1. Provided State/Local Laws Allow, Can I Force My Healthy Employees to Come to Work?
Can you, is one question, should you, is another question. There are workers this country needs right now, who are heroes, and whole sectors of the economy on hold. As an employer you need to think of what the public relations issues there are, and the potential for litigation costs, whether that litigation is frivolous or not. The law is not entirely clear as to whether you can force an employee to come to work at the moment, and a lot depends on what is going on in your state and local area, and what restrictions have been put in place. Plainly put, it is poor policy to require your employees to come to work right now, if they are choosing to self-quarantine.
There are new considerations for employers with less than 500 employees who are now required to offer paid leave for those with COVID-19 and those caring for a minor child, whose school, or daycare facility, has closed.
In addition to the new paid leave regulations for employers of under 500 employees, the FMLA remains in effect for all employees who qualify. COVID-19 and/or caring for someone with COVID-19, are qualifying FMLA leave conditions.
2. Can I Require Employees to Report if They Have Tested Positive for COVID 19, Or Have Symptoms?
Yes, you can require your employees to tell you if they have symptoms of, or have tested positive for, COVID 19. In fact, you should require your employees to tell you if they have symptoms or have tested positive for COVID 19.,If any employee has symptoms, you should insist that they stay home until at least 24 hours after the symptoms pass, and get a test for COVID 19. If any employee has COVID 19 you may require a doctor’s note clearing an employee to return to work, in the future, when they are cleared of the illness. You do have a responsibility to keep this information strictly confidential.
3. Can I Send an Employee Home Who I Think Has Symptoms?
Yes, you can send an employee home who you believe has symptoms. Remember if they are a salaried employee, or have PTO, you must pay them anyway. There are also new Federal Paid Leave Requirements that need to be complied with. You must keep any health information you find out about the employee confidential.
4. Can I Send Home Employees Who Are in High-Risk Groups?
No, you cannot send employees home because they are in a high-risk group, this is because it is discriminatory to send home only those employees who you decide are more likely to get the virus.
5. Can I Take the Temperatures of My Employees?
Yes, you may take the temperatures of your employees, however, same may not be advisable. First you will have to keep the information confidential. Second, your employees can carry Coronavirus without having a fever.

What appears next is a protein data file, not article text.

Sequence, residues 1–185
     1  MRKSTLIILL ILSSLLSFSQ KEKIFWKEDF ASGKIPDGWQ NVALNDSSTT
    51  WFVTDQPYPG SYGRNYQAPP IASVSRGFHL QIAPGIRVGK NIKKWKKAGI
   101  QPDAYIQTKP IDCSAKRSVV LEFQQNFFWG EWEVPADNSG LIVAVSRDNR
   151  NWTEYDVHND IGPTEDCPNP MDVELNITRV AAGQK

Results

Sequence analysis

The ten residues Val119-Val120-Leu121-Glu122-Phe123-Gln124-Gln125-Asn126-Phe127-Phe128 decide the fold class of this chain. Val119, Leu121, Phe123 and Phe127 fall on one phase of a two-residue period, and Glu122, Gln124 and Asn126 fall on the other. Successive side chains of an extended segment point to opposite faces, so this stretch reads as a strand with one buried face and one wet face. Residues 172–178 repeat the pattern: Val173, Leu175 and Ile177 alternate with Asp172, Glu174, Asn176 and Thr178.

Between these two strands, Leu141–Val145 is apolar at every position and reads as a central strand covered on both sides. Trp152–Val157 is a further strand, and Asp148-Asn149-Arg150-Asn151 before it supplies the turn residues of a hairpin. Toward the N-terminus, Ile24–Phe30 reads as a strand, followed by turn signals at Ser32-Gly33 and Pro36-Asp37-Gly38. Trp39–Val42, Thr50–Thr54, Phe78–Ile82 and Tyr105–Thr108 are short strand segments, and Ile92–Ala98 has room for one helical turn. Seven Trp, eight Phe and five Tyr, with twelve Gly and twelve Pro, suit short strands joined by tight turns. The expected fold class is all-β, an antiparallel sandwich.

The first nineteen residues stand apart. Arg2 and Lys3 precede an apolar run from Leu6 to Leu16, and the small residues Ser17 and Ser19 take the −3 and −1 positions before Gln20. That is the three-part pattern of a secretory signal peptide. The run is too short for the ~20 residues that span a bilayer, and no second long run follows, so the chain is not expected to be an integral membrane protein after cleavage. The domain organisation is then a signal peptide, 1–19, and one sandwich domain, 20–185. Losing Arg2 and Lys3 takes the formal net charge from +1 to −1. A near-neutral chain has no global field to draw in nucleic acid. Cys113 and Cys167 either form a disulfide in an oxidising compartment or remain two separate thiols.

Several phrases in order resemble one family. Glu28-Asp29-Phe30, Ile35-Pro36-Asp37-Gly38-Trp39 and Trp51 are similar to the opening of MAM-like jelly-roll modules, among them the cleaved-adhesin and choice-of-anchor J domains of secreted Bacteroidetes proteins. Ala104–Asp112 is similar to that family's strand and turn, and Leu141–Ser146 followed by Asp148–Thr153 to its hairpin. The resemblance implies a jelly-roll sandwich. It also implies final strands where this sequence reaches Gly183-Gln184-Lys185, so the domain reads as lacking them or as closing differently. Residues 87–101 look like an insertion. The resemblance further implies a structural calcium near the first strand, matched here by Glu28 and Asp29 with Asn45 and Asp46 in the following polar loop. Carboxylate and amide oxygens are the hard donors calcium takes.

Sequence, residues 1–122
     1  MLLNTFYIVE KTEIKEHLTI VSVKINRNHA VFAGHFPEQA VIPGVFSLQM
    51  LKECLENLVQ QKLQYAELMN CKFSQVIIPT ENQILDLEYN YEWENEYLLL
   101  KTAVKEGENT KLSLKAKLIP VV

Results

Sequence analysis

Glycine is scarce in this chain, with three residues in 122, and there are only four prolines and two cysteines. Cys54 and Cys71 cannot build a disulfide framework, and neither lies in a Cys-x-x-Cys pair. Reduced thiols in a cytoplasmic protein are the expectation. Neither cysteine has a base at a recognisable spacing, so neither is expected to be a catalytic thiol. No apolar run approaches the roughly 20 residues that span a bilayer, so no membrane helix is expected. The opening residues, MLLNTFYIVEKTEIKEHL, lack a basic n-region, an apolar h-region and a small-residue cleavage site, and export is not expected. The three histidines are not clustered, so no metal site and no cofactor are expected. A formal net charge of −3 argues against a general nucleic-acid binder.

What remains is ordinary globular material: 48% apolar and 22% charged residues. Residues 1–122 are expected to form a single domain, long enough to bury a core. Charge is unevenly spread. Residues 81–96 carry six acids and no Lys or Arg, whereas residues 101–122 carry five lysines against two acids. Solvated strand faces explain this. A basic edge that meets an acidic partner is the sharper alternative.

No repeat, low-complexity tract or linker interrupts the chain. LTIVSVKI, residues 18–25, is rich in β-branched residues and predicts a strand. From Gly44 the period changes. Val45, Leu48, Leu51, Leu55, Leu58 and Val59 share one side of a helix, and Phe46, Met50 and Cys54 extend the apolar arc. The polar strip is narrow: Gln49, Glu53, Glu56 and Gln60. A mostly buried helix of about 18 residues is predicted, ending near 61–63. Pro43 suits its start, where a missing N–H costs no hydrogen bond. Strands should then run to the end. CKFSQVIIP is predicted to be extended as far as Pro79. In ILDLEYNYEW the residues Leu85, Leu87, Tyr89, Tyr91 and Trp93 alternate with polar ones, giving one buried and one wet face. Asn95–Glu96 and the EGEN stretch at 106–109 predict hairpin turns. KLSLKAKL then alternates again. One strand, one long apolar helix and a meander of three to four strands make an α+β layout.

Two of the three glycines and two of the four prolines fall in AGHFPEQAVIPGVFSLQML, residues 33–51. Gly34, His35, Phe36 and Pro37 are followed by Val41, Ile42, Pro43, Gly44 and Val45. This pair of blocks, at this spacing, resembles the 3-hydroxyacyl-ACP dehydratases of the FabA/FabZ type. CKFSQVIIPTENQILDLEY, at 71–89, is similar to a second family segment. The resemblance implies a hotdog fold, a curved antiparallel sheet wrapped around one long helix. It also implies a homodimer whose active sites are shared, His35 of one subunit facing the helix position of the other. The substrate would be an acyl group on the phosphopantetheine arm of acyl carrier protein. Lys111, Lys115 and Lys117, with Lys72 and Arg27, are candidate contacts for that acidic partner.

6. What Do I Do If an Employee Recently Traveled?
Employees who have recently reentered the country should self-quarantine for fourteen days. At the conclusion of fourteen days you may inquire into whether the employee has symptoms and make a decision as to whether they may return to work. However, the decision must be applied evenly to all employees. Meaning if you ask the employee if they have a temperature, and they answer they have, so you tell the employee not to report to work, then you must tell all employees with a fever not to return to work.
7. Can I Ban My Employees from Traveling During the COVID 19 Outbreak?
The answer to this is not simple. Before the virus, there were courts that would support terminating an employee, and other courts that would hold you liable, if you terminated an employee who went to a travel zone with disease issues, after you, the employer, instructed them not to. It seems logical that a court would not hold an employer liable for terminating an employee in the extreme situation of travel during the COVID 19 Pandemic, especially in light of the State Department’s advisory that Americans not travel, but there are no guarantees. There are also public relations concerns, and employee moraleto consider. However, if someone has traveled to China or Western Europe, you may want to take the risk and terminate the employee if they traveled against your instructions.
8. Do I Need to Pay My Employees If I Close Due to COVID 19?
Generally, the answer is no, you do not need to pay your employees if they are not working. However, that is not the end of the inquiry. If you have salaried employees, you must pay them their full salary, for any week in which they do any work whatsoever. If a salaried employee does one hour of work for you in a week, you owe them their salary. There are exceptions, but you do not want to get involved in them without having an attorney implement a program paying your salaried employees differently. If you pay your employees by what is called the Fluctuating Work Week Method, a way of calculating salaried overtime, you must, keep paying your employees their full salary, whether they do any work or not.
Written by: Joshua H. Sheskin Esq.
Joshua H. Sheskin's practice focuses on employment and ADA litigation, with an emphasis on representing and defending local businesses, along with assisting them in preventing future potential lawsuits. A South Florida native, Mr. Sheskin attended the University of Miami for his Masters’ Degree, and the University of Miami School of Law, where he received his law degree with honors.